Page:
Bush’s pension benefits top $1 MILLION in 2012

Updated
File Photo: US President George W. Bush addresses the Texas Wyoming Ball, part of the festivities marking his inauguration for a second term, in Washington...
File Photo: US President George W. Bush addresses the Texas Wyoming Ball, part of the festivities marking his inauguration for a second term, in Washington...
Brendan Smialowski/AFP/Getty Images, File

For former presidents, the job may be over, but the money continues to roll in.

The Congressional Research Service has released a study on salaries and benefits that former commander-in-chiefs collected during the 2012 fiscal year. The allowances, however, are far from uniform.

Former president George W. Bush received the most –about $1.3 million. He’s followed by Bill Clinton’s $978,000, George H.W. Bush’s $842,000 and Jimmy Carter’s $518,000.

So why the difference?

The benefits are a result of the Former Presidents Act, a 1958 federal law that provides a number of lifetime benefits to ex-presidents. On top of an annual pension equal to the pay that the head of an executive department official would be paid (about $200,000 per year), former presidents are entitled to a number of other perks.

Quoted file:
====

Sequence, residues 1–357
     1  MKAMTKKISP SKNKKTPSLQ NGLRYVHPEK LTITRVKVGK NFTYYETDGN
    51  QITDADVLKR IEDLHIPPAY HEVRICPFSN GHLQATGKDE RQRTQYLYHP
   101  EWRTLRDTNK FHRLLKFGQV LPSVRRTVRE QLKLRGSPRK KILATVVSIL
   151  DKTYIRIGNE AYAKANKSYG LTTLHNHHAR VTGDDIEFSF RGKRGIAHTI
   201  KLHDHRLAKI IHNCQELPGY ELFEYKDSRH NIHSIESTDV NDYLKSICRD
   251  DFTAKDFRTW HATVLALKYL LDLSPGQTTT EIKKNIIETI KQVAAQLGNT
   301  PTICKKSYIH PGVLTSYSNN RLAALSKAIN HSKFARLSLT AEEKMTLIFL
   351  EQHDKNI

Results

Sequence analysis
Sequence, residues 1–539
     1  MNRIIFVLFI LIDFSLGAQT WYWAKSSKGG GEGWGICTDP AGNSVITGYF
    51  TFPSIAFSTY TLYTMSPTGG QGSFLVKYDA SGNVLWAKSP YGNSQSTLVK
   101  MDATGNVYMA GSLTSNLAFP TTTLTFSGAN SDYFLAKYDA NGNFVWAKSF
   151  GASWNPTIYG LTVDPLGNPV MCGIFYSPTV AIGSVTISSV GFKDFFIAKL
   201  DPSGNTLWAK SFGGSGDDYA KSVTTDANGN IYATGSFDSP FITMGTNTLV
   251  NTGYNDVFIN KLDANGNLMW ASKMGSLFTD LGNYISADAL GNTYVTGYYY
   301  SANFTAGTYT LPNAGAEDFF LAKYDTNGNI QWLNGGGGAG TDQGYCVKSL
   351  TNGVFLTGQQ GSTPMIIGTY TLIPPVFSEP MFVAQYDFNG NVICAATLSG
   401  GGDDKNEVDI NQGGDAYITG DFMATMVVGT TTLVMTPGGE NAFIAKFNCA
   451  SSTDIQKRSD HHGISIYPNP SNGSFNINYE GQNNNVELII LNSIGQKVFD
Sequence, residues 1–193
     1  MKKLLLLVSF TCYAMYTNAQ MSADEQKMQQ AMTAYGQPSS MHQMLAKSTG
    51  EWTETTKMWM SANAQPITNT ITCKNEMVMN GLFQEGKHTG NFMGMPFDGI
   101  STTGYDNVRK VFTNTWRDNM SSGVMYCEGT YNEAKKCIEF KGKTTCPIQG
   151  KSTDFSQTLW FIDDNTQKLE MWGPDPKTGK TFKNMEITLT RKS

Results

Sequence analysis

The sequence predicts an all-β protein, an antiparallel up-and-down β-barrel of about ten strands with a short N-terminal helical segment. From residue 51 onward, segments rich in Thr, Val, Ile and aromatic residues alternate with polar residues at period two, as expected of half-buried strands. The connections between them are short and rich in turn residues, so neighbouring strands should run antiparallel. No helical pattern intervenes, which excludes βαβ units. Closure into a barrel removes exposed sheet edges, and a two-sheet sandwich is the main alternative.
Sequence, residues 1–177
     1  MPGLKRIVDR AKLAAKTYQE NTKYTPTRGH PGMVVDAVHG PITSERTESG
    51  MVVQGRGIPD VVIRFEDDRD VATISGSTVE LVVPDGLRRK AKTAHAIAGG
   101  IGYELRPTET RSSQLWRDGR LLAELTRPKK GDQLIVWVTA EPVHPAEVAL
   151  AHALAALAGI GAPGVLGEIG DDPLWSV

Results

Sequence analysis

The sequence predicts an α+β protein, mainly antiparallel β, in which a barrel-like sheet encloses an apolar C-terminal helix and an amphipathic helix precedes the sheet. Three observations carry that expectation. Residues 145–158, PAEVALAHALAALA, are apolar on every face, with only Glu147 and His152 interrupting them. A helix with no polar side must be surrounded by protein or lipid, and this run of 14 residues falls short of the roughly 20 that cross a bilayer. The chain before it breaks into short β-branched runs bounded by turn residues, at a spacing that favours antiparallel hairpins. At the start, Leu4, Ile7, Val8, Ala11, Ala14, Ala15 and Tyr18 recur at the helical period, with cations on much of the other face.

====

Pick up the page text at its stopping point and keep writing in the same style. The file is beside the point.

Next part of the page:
That includes a “suitable office space, appropriately furnished and quipped,” travel funds, personnel compensation, mail privileges, office supplies, and Secret Service protection. The office space rental payments—at a location of the former president’s choice for the rest of his lifetime—were among the costliest items. Clinton had the highest rental payment cost for his 8,300 square office in New York City ($444,000). George W. Bush’s 8,000 square-foot office in Dallas was close to that amount ($401,000).

As the CRS report points out, the pension and benefits paid to George W. Bush and Clinton in 2012 comprised 62.5% of all benefits paid to the four living ex-presidents and widows of former presidents.

Some members of Congress have argued the FPA is not strict enough and gives money to presidents who are clearly not in dire financial straits. Others say ex-presidents remain public figures and should be provided benefits and pensions to allow them to perform duties after their terms are over.

“Among the options that might be considered are placing a spending cap on office space for a former president, mandating that a former president’s office be located in owned or leased federal office buildings, placing a cap on the square footage of a former president’s office space,” the report says.

Bush's pension benefits top $1 MILLION in 2012

Updated